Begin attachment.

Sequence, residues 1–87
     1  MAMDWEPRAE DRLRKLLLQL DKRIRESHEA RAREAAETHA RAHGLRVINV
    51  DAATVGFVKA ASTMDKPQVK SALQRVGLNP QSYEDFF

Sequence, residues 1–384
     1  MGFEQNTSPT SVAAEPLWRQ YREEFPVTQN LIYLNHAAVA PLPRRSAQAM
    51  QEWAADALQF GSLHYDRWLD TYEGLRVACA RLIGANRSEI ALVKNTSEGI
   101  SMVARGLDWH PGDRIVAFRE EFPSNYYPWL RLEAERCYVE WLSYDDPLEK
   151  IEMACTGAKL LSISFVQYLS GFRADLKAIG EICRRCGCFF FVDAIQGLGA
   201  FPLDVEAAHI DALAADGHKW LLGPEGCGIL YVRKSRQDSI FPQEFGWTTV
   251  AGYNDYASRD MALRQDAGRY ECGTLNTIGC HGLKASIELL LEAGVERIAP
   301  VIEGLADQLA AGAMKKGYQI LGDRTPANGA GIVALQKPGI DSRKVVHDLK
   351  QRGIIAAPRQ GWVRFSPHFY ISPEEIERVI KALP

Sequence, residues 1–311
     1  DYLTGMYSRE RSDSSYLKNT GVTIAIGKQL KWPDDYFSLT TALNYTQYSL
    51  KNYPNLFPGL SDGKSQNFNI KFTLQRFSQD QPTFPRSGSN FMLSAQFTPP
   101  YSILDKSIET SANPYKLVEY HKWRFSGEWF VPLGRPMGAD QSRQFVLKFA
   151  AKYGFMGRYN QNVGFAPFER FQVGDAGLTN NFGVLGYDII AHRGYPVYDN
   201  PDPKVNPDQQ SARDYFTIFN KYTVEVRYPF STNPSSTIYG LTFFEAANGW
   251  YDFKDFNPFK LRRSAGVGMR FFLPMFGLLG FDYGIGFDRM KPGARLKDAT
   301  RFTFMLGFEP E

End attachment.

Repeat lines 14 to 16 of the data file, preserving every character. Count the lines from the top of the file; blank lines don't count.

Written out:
     1  DYLTGMYSRE RSDSSYLKNT GVTIAIGKQL KWPDDYFSLT TALNYTQYSL
    51  KNYPNLFPGL SDGKSQNFNI KFTLQRFSQD QPTFPRSGSN FMLSAQFTPP
   101  YSILDKSIET SANPYKLVEY HKWRFSGEWF VPLGRPMGAD QSRQFVLKFA